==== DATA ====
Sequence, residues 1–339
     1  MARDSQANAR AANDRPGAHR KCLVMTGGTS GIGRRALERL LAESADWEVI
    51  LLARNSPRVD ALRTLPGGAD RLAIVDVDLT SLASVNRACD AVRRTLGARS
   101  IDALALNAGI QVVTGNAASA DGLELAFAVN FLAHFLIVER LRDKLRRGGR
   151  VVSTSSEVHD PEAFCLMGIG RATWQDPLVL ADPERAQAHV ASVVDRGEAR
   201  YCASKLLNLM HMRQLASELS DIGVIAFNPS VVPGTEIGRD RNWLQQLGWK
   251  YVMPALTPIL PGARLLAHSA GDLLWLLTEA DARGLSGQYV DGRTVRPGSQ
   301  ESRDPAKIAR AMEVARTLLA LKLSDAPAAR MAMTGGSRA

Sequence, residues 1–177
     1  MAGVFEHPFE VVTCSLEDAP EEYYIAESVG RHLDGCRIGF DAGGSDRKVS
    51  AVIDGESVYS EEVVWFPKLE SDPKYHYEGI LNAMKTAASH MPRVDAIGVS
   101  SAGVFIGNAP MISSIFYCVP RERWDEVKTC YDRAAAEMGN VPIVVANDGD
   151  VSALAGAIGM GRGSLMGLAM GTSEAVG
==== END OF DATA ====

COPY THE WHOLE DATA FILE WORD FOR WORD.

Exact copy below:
Sequence, residues 1–339
     1  MARDSQANAR AANDRPGAHR KCLVMTGGTS GIGRRALERL LAESADWEVI
    51  LLARNSPRVD ALRTLPGGAD RLAIVDVDLT SLASVNRACD AVRRTLGARS
   101  IDALALNAGI QVVTGNAASA DGLELAFAVN FLAHFLIVER LRDKLRRGGR
   151  VVSTSSEVHD PEAFCLMGIG RATWQDPLVL ADPERAQAHV ASVVDRGEAR
   201  YCASKLLNLM HMRQLASELS DIGVIAFNPS VVPGTEIGRD RNWLQQLGWK
   251  YVMPALTPIL PGARLLAHSA GDLLWLLTEA DARGLSGQYV DGRTVRPGSQ
   301  ESRDPAKIAR AMEVARTLLA LKLSDAPAAR MAMTGGSRA

Sequence, residues 1–177
     1  MAGVFEHPFE VVTCSLEDAP EEYYIAESVG RHLDGCRIGF DAGGSDRKVS
    51  AVIDGESVYS EEVVWFPKLE SDPKYHYEGI LNAMKTAASH MPRVDAIGVS
   101  SAGVFIGNAP MISSIFYCVP RERWDEVKTC YDRAAAEMGN VPIVVANDGD
   151  VSALAGAIGM GRGSLMGLAM GTSEAVG